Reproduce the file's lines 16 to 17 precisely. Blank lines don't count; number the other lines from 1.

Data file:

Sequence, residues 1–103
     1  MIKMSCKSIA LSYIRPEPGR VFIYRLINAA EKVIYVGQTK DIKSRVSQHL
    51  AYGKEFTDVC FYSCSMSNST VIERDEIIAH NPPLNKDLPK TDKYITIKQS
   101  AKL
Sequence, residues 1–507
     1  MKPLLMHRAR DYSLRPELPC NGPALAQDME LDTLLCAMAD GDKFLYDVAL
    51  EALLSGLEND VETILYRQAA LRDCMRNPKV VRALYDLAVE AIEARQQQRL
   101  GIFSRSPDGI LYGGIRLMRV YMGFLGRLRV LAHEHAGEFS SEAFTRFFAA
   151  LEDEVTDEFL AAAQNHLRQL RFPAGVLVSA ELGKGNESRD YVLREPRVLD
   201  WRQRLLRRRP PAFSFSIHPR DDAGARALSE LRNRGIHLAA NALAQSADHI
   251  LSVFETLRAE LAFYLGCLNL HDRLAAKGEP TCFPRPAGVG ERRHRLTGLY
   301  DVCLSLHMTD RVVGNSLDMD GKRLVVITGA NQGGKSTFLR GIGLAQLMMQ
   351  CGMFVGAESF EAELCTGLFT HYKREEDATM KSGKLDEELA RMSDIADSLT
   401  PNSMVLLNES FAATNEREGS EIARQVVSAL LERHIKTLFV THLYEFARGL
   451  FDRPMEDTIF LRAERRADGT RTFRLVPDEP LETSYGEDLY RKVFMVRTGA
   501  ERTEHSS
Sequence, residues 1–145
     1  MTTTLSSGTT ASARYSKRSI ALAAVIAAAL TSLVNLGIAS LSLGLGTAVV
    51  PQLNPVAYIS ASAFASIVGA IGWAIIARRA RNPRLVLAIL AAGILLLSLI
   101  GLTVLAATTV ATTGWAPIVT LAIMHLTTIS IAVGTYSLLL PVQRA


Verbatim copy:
   501  ERTEHSS
Sequence, residues 1–145